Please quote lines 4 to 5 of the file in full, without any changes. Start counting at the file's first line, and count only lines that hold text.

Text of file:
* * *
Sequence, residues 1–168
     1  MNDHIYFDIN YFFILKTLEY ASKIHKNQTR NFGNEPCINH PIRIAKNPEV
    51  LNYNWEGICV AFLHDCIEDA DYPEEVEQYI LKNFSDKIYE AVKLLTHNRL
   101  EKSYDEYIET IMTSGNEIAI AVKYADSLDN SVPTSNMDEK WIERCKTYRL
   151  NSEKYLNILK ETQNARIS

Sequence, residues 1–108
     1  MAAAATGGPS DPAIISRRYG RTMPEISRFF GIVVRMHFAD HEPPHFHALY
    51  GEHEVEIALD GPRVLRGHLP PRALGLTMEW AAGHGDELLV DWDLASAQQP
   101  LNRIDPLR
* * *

   101  EKSYDEYIET IMTSGNEIAI AVKYADSLDN SVPTSNMDEK WIERCKTYRL
   151  NSEKYLNILK ETQNARIS